When I was just a tyke, our friends the Keiths came to dinner, and I, the story goes, was at the door to greet them. “Hi, Keef!” said I as Agnes entered, and to Harry, after a moment’s reflection, “Hi, More Keef!”
The affable, worldly Keiths were particular friends of our family. Early on I appreciated that Agnes was an author; that they had lived in North Borneo; that they had, with their young son George, been in a Japanese prison camp during the War. Agnes Newton Keith’s several memoirs of life, travel and tribulation, published in Boston, occupied places of pride in our library.
My mother Virginia, Harry Keith, Agnes Newton Keith, 1950. Album of family photos by (and of) Harry Keith during this period.
Occasionally, during their infrequent returns to Canada from the far-flung places Harry was posted to — he was latterly a forester with the United Nations’ Food and Agriculture Organization — we would go to their home on Island Road for dinner. They lived in a 1912 Craftsman house, brown-shingled, sitting on a rocky outcrop on one of those Oak Bay streets that resemble country lanes, surrounded by a regular arboretum of conifers (I was told Harry planted them), quite dark inside, with dark-stained wood, but with a hundred wonders — I recall a stool made of an elephant foot. I especially remember the charm, elegance and cosmopolitan aura of Harry and Agnes — he very British, always it seems to me in a tweed jacket, grey flannels and a tie, smoking Player’s Navy Cut cigarettes from a tin box, she in a silken sheath dress, her hair drawn back in a tight bun. Harry had a twinkle in his eye and a distinctive laugh, and he laughed often — usually at human folly and vanity. Agnes’s dry voice was memorable for its slurred S’s. She and dad often quarreled over political issues. He and Agnes were, he wrote in his memoirs, “both addicted to speaking our minds.”* He recorded an instance where she called him a sanctimonious son of a bitch. They always patched it up, I think. Agnes was liberal to a degree. She confessed to having smoked marijuana in her college days — “We all experimented; It was no big deal.” In 1965 we were introduced to their cook Lena, who they had hired while in Libya. Lena was from Sicily, and she served a full Italian dinner, with pasta to begin. I tucked in to that and barely had room for the main course. With a lot of good-natured ribbing Lena encouraged me to have more of everything. Over dinner Agnes and I debated the relative beauty of Japanese and Chinese women. I was fond of the Japanese visage, Agnes not so much.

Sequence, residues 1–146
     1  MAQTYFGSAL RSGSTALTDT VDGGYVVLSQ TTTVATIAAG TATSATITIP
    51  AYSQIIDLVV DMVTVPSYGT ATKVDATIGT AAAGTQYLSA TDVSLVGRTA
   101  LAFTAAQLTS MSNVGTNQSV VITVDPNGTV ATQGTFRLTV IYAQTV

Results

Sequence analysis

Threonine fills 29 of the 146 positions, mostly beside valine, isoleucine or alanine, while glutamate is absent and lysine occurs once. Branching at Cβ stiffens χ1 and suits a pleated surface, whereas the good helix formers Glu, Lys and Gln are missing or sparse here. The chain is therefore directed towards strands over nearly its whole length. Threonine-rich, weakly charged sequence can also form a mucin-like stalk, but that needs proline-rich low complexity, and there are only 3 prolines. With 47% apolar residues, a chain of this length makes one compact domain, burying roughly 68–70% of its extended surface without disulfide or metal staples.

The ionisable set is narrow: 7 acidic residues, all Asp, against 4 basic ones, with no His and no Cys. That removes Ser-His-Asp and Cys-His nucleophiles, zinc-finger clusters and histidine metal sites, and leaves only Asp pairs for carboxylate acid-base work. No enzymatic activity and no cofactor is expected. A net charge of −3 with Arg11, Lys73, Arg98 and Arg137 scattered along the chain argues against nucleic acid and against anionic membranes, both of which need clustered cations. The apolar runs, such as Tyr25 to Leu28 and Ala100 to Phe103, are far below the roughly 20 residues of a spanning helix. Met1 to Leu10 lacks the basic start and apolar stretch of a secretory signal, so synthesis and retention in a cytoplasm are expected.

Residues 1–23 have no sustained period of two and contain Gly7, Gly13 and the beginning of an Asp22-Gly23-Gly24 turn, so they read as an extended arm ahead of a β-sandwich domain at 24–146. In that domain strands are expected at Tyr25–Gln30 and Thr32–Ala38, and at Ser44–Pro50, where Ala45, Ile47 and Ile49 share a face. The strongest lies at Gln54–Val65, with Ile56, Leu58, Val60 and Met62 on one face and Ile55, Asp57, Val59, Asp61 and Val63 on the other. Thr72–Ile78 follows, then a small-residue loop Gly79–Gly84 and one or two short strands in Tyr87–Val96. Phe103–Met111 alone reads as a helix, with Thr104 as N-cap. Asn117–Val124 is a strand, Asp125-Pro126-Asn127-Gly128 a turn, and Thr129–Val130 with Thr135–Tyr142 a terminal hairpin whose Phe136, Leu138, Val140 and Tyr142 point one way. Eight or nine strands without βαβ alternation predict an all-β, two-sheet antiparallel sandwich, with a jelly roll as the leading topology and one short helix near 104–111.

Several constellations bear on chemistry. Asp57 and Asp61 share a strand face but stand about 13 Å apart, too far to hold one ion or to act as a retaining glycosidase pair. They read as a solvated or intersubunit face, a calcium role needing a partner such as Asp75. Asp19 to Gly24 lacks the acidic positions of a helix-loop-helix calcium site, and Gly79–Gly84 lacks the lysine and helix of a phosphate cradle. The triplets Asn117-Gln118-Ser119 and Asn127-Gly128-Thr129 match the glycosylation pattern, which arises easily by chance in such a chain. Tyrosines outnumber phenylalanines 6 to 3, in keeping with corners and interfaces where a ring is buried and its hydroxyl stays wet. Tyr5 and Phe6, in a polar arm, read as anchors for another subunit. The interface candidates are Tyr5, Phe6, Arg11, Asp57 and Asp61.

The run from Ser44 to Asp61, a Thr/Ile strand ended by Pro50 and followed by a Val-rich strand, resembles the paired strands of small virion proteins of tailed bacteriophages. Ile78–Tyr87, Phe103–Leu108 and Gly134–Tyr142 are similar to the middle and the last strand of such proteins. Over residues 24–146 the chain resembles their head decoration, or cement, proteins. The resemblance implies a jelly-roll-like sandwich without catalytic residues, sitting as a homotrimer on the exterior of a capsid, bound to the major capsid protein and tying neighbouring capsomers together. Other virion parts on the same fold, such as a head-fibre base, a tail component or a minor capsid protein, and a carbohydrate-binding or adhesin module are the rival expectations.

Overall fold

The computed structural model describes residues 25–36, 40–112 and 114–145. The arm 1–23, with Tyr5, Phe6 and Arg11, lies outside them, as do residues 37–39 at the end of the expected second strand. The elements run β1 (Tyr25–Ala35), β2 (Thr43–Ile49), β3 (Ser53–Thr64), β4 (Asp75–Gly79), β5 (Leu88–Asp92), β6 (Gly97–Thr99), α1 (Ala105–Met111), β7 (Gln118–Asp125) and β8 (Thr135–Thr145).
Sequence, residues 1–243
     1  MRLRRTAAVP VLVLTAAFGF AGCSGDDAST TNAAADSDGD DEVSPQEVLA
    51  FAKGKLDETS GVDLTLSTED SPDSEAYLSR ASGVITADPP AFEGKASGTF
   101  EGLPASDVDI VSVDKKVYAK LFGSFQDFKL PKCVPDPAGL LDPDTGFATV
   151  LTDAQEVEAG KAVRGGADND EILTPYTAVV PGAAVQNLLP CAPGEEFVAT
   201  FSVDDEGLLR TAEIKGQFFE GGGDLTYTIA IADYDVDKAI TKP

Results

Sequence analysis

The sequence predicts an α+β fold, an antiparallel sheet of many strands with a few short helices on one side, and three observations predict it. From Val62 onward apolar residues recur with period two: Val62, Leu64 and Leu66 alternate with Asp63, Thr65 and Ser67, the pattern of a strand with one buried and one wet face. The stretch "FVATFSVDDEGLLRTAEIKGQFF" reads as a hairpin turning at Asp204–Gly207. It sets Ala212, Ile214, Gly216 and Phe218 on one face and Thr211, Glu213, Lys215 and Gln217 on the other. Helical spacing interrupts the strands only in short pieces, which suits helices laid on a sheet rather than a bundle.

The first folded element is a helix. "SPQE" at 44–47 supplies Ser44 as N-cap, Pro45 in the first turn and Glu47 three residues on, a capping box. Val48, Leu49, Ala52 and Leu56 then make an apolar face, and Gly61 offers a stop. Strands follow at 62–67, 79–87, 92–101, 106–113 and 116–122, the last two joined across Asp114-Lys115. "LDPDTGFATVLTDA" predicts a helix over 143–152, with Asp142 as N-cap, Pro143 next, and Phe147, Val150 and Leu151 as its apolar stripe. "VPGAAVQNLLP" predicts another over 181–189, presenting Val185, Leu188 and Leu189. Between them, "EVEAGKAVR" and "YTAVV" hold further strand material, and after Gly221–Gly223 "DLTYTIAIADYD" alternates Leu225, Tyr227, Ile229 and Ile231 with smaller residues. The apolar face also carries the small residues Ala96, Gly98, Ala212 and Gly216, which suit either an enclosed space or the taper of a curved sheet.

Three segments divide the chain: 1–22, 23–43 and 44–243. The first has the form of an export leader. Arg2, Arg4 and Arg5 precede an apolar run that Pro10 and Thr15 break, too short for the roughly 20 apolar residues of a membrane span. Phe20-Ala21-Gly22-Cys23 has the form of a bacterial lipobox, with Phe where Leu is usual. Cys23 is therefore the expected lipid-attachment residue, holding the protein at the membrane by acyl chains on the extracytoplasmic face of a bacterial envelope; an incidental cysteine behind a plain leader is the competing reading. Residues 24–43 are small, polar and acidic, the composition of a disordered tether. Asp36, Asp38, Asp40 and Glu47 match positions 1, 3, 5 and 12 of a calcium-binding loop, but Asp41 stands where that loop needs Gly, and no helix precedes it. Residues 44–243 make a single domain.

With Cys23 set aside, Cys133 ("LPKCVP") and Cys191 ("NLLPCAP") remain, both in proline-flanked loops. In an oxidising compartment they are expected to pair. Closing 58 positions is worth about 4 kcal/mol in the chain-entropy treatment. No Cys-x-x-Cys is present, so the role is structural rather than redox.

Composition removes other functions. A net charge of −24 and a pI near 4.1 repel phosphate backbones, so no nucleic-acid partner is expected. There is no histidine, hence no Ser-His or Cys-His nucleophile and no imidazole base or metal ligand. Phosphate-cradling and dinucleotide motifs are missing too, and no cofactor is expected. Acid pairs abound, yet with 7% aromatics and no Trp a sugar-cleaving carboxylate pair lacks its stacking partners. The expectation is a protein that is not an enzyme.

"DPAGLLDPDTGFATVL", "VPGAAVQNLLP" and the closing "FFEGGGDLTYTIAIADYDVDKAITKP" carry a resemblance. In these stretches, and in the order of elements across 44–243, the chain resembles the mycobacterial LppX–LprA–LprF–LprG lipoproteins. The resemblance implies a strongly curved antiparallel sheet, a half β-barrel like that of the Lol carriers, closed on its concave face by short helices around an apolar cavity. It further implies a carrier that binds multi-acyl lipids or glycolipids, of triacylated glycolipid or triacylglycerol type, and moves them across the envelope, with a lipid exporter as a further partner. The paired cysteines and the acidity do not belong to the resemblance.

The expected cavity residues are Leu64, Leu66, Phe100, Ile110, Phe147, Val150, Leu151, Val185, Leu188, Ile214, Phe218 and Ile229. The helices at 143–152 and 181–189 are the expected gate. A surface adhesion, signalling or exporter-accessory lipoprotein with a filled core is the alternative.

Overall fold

* Musings on Medicine by Gordon Hunter Grant (Portland, Ore: Metropolitan Press, 1984), p. 124.
I recall Harry, some time after we moved to St. David Street in 1978, remonstrating, “Christ, why do you want to live in Oak Bay? You can’t sleep for the sound of cracking pelvises.”
Agnes and Harry died within months in 1982. More than 25 years later, Lena was still living at the Island Road home.
In this reconstruction of the lives and careers of Agnes and Harry, those fascinating people, a central narrative retraces the genesis and early life of their elder child Jean. Between 1939 and 1975, Agnes published six memoirs, three about Borneo, and the novel Beloved Exiles. Agnes’s books are scanty on Jean, whereas George did a star turn in Three Came Home while a little boy. When Jean does turn up, Agnes’s writing takes on a veil of ambiguity. Erroneous information about the Keiths and their children floats around, meanwhile, as in a biographical sketch of the author by the Bancroft Library at the University of California at Berkeley, where we learn that Jean was born after 1950.* Information easily unearthed with the digital tools of genealogy can, with interpretive skill, clarify some facts of Jean’s early life. While the identity of her mother is not to be found here, it can be said with confidence that Agnes was not Jean’s mother.
* Experiencing Borneo with Agnes Newton Keith, Bancroft Library website, dated January 2009.
Herewith, a reconsidering of published versions of family history in the light of independent genealogical research. This article was motivated partly by a desire to sort out fact from conjecture. Agnes Newton Keith, UC Berkeley Class of 1924, is owed a more truthful record.
I suggest there’s another story to tell: how Agnes married into an unusual, peculiarly British colonial, family structure; how she came to terms with it; how her adaptation is reflected in her writings, particularly the novel. From outside evidence we can glimpse how a mixed-race alliance is veiled in Agnes Keith’s memoirs and, in the novel, dramatized. Prevailing attitudes to sexuality and race and their depiction in published works doubtless played a role in those literary devisings.